Public Protector calls for tolerance of Ombudsman institutions
Democratic processes would be eroded if institutions such as the Public Protector looked the other way and pretended there were no problems in state affairs, delegates at the 10th World Conference of the International Ombudsman Institute in Wellington, New Zealand heard on Wednesday.
Presenting a paper on the role of the Ombudsman in promoting ethical governance and integrity in the public service, with a special focus on her own experiences in relation to holding leaders to account, Public Protector Adv. Thuli Madonsela said public confidence in such institutions would also be dealt a blow if their heads turned a blind eye on bad governance.
While emphasising that the majority of key public figures against whom she had previously made adverse findings accepted their fate ethically, the Public Protector told the conference about a few backlash cases her office has had to deal with after finding against some senior persons in government. A few “parochial-minded” leaders appeared to prefer that her office ignores that there were problems, she said.
“Some of the parochial-minded leaders have decided to retaliate by trying to foster a perception that my office is not above reproach and accordingly has no right to judge others,” the Public Protector said, adding that she had recently learned that a parliamentarian preferred she rather focus on governance matters within her office. “My office has an outward mandate and corporate governance is meant to be an enabler rather than the office’s focus. This is not to say my office is not answerable for its own governance and administrative arrangements. No person or office is above the law or the dictates of accountability for entrusted power.”
In her engagements with those entrusted with public power, she always highlighted the fact that her office would be a foe rather than a friend if it let those who exercised entrusted power think they were on the right track while they were actually headed for a cliff, the Public Protector said.
Sharing with her peers some of the challenges her office faced, the Public Protector referred to difficulties in getting information she required for investigations, particularly those relating to ethical or integrity violations. She said this happened despite extensive information sourcing powers including subpoena, search and seizure and contempt orders. Implementation of remedial action directed following investigations was a growing area of concern, the Public Protector said.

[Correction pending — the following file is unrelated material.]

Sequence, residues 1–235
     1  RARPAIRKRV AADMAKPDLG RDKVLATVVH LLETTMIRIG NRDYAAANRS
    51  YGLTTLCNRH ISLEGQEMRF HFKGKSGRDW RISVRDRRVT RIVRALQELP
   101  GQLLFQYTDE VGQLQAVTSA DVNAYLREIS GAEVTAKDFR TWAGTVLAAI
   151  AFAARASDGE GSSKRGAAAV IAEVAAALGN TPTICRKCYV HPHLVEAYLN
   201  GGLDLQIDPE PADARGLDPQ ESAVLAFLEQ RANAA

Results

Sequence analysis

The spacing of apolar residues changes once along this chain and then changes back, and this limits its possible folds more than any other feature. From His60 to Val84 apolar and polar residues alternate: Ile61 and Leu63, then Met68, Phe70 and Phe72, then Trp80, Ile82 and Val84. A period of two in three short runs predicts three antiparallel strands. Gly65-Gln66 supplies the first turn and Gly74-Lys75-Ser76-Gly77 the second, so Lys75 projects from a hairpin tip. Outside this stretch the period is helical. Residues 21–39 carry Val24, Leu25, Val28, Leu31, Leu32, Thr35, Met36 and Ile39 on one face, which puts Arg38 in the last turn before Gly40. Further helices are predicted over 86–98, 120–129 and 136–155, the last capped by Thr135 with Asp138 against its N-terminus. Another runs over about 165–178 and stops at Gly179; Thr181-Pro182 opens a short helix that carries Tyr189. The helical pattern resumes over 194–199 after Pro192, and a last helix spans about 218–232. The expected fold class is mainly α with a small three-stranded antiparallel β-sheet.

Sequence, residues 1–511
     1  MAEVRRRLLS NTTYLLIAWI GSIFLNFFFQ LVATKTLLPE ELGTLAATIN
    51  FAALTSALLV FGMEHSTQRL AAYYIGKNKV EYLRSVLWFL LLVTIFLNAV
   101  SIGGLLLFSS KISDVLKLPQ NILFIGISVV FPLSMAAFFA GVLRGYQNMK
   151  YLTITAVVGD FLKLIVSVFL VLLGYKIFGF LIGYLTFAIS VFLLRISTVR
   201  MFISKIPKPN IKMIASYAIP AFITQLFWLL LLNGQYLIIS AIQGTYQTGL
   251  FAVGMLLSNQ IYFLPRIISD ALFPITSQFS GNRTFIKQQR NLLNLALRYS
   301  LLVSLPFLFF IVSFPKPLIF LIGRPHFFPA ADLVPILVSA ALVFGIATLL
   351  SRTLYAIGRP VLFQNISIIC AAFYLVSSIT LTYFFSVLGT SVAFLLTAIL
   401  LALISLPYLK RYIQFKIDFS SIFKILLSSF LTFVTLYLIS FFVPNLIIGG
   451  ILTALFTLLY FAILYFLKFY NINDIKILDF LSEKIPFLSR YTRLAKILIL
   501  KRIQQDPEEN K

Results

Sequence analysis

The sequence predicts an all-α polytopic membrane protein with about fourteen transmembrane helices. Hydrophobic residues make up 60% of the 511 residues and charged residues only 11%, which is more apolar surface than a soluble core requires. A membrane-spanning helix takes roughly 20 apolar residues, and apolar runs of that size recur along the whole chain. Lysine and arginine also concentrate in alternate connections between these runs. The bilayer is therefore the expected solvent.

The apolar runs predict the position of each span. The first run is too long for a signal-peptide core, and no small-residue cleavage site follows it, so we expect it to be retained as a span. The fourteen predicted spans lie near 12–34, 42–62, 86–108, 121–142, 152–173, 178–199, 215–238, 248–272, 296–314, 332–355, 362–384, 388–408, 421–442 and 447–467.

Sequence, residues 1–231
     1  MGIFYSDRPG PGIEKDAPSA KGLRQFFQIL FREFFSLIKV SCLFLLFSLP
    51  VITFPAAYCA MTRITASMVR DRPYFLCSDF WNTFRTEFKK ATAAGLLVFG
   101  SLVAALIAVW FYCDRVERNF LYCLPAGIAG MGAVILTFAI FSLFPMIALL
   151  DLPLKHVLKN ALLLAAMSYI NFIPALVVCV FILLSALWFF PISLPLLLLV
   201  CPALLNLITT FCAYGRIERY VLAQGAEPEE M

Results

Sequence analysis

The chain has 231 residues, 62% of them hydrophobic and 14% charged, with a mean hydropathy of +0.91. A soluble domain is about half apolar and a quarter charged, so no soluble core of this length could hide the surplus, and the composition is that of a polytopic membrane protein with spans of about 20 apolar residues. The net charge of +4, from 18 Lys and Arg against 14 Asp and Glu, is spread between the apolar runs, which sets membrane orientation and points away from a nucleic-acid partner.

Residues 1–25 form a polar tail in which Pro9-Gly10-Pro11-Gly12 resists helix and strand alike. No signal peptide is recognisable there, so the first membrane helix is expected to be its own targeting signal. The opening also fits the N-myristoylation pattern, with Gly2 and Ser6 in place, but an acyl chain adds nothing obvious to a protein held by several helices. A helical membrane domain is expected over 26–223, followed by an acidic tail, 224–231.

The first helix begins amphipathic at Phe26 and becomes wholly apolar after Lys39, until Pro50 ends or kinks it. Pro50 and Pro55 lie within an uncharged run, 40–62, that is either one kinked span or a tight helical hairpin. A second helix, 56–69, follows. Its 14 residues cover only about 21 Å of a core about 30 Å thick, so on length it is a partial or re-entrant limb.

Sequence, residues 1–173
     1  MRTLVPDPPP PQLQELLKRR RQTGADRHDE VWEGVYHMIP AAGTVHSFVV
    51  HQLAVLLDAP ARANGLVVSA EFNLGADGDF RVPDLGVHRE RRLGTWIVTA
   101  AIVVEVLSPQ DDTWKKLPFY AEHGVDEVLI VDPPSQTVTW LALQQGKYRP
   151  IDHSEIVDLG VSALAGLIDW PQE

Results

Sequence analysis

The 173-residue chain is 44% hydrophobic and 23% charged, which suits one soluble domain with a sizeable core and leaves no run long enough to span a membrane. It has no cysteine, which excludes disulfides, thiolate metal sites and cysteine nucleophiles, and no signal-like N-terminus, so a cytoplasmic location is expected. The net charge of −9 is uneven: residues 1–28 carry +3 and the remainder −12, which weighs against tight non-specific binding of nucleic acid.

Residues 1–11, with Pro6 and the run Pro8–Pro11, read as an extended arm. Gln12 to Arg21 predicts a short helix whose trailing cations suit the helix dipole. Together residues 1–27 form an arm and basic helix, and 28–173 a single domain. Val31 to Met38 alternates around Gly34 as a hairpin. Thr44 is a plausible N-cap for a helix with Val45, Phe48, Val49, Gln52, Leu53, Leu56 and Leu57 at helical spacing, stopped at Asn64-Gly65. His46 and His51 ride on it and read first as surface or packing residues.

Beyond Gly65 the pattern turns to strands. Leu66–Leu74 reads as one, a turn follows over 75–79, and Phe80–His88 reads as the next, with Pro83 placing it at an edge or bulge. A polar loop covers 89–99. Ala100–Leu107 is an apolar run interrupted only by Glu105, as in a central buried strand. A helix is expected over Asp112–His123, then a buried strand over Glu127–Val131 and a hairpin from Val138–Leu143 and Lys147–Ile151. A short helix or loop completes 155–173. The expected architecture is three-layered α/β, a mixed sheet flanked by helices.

She emphasised that the 16 years of existence of the Public Protector, a South African version of an Ombudsman, had been primarily marked by positive developments. The office, said the Public Protector, had contributed to the transformation of the state from an insular apartheid to one more responsive to the people’s needs.
The Public Protector indicated that the governance situation was still a long way from the accountable, responsive and ethical state envisaged in the constitution. Singling out administrative justice and good stewardship in exercising control over state resources, the Public Protector told the conference that the Ombudsman institution had an important role to play as a pillar of public accountability.
She stated that now more than ever, where people were increasingly restless about state responsiveness and accountability, the Ombudsman was an important partner in the pursuit of public accountability and good governance. The four-yearly conference, which commenced on Tuesday and scheduled to run until Friday, is being held under the theme “Speaking Truth to Power – The Ombudsman in the 21st Century”.
It has seen Ombudsmen from several countries across the globe descending on the southwestern Pacific Ocean island to share experiences and good practices. Among the countries in attendance are USA, UK, Canada, Netherlands and Norway. African countries including Namibia, Zambia, Botswana, Ethiopia and Kenya are also represented. South Africa hosted the 7th chapter of the conference in Durban in 2000.
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